Option Trade Busts

Discussion in 'Options' started by tradingjournals, Jul 30, 2011.

  1. What are the conditions under which an option trade could be busted? Please provide links to sources of information, such as exchange. If a stock trade has had busted trades, could the option series trades also get busted?
     
  2. Assuming you are focused on stock options, your counter-party is the OCC, option clearing corporation. They have an 800 number and vast website of information. google their number or do some digging on the site and you will likely find what you are looking for. Plus you will be getting it from THE source directly.

    I have been through a lot of trading halts and from my experience option trades don't get busted like stocks. they may get settled in the case that a value can not be found but you can find out all of that from the OCC directly.

    Best

    Robert
     
  3. FSU

    FSU

  4. rmorse

    rmorse ET Sponsor

    Rules for the NYSE AMEX: http://www.nyse.com/pdfs/Rule 975NY Obvious Error Rule..pdf

    If you're looking for a price adjustment, you fight to the end. If you're looking for a "bust", the situation is difficult. During the time period that either side is looking for a bust, what if the trade goes your way and now you want it? That 30 min. can feel like a day.
     
  5. Does it happen regarding specific product (such as index options, specific equity options, etc.) or does it happen regarding different types of options? Also, do they bust your trade ("nullify" the trade so that you return to the situation you were before the trade) or do they just adjust the trade to reflect a certain price? What is the time period after which they bust or adjust your trades?

    It's very strange if it happens to you all the time, "bust" and "adjustments" should be relatively rare.
     
  6. rmorse

    rmorse ET Sponsor

    They are rare per person, but not rare per day. Many times they occur on the opening when a market maker sends out a bad quote.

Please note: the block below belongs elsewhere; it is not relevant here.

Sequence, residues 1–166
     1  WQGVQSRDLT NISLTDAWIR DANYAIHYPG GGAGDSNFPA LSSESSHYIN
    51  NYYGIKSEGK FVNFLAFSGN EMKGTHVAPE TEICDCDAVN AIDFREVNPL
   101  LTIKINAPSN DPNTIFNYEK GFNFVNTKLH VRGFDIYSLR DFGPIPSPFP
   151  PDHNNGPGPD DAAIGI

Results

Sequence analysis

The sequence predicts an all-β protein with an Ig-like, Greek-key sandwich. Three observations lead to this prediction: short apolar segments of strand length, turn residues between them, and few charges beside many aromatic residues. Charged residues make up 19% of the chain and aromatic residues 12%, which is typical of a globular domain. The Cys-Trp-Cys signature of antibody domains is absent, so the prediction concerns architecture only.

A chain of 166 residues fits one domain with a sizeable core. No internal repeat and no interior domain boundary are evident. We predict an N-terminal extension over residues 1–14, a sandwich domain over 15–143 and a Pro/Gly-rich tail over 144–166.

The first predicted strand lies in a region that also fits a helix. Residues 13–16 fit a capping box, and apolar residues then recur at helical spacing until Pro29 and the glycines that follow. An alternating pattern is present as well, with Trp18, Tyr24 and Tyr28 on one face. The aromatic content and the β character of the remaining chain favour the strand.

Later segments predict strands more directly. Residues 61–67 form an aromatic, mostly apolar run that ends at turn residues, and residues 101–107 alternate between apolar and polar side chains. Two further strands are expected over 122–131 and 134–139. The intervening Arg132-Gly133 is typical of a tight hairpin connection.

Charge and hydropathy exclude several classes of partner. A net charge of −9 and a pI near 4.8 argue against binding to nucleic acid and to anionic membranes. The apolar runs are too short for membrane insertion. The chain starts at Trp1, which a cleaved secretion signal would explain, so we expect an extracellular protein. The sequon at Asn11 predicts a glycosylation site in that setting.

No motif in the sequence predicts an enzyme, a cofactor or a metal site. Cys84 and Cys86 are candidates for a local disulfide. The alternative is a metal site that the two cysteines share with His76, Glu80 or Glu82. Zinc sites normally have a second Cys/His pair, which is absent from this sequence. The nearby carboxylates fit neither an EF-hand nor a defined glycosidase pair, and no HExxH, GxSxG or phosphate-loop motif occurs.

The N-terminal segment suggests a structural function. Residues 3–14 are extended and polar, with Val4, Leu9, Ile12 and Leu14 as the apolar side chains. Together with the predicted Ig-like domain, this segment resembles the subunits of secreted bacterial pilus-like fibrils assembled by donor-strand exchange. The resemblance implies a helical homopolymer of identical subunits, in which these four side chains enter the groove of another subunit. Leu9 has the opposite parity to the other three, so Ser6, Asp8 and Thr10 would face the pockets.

7. and in such cases does the exchanges usually just adjust a trade to reflect the correct price or actually nullify (or "bust") the whole trade? it seems reasonable to me that "bust" a trade will be very rare as compared to adjustment of a trade, since it could have worse consequences than just an adjustment of a trade. For example, if somone sold to close its option position, and with the proceeds received he immediately bought another option position, then if the trader is notified that the former trade was bust the trader can find itself short of money regarding his new trade, isn't it (and in adjustment he will just have to add the adjustment amount)?

    also, what are the timeframes during which a trade can be bust or adjusted?
     
  8. rmorse

    rmorse ET Sponsor

    You'll have to read the rule. http://www.nyse.com/pdfs/Rule 975NY Obvious Error Rule..pdf

    Sometimes you can't adjust. What if you're bidding 1.00 for a put trading at 10.00. On the open, the best bid on a market sell order was your bid. The second after the sale, the market goes from 1.00 - 15.00 to 9.75-10.00. The seller might claim the change violates the rule and the seller is entitled to 9.75. You're 1.00 bid. They can't make you bid higher. Your trade would be bustedand your order would be reestablished.
     
  9. What attributes of Lightspeed make up for that?
     
  10. If I was filled on a two-leg spread order which was submitted to the exchange as such, can the exchange decide to bust just one leg of the spread and not the other? Or any decision to bust a trade which was submitted as a spread order should be made regarding both legs? I am asking it because if the exchange will bust only one leg out of the two which were included in the spread, I may suddenly find myself with an unblanaced positions that could have many other consequences (such as margin calls).
     
    #10     Jul 31, 2011